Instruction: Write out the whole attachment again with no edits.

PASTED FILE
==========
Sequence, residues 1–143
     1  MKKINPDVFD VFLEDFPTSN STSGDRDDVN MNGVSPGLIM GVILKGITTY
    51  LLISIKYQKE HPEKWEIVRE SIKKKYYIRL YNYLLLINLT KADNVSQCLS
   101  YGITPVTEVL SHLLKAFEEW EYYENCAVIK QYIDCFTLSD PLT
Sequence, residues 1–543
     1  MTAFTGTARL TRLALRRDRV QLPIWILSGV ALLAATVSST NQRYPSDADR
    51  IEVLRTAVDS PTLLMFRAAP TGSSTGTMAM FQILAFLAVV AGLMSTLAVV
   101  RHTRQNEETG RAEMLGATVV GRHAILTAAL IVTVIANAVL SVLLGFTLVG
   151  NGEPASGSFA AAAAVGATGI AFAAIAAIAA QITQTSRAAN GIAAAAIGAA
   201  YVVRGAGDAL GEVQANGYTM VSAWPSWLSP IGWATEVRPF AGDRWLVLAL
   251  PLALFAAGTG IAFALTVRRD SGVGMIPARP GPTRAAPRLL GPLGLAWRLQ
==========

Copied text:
Sequence, residues 1–143
     1  MKKINPDVFD VFLEDFPTSN STSGDRDDVN MNGVSPGLIM GVILKGITTY
    51  LLISIKYQKE HPEKWEIVRE SIKKKYYIRL YNYLLLINLT KADNVSQCLS
   101  YGITPVTEVL SHLLKAFEEW EYYENCAVIK QYIDCFTLSD PLT
Sequence, residues 1–543
     1  MTAFTGTARL TRLALRRDRV QLPIWILSGV ALLAATVSST NQRYPSDADR
    51  IEVLRTAVDS PTLLMFRAAP TGSSTGTMAM FQILAFLAVV AGLMSTLAVV
   101  RHTRQNEETG RAEMLGATVV GRHAILTAAL IVTVIANAVL SVLLGFTLVG
   151  NGEPASGSFA AAAAVGATGI AFAAIAAIAA QITQTSRAAN GIAAAAIGAA
   201  YVVRGAGDAL GEVQANGYTM VSAWPSWLSP IGWATEVRPF AGDRWLVLAL
   251  PLALFAAGTG IAFALTVRRD SGVGMIPARP GPTRAAPRLL GPLGLAWRLQ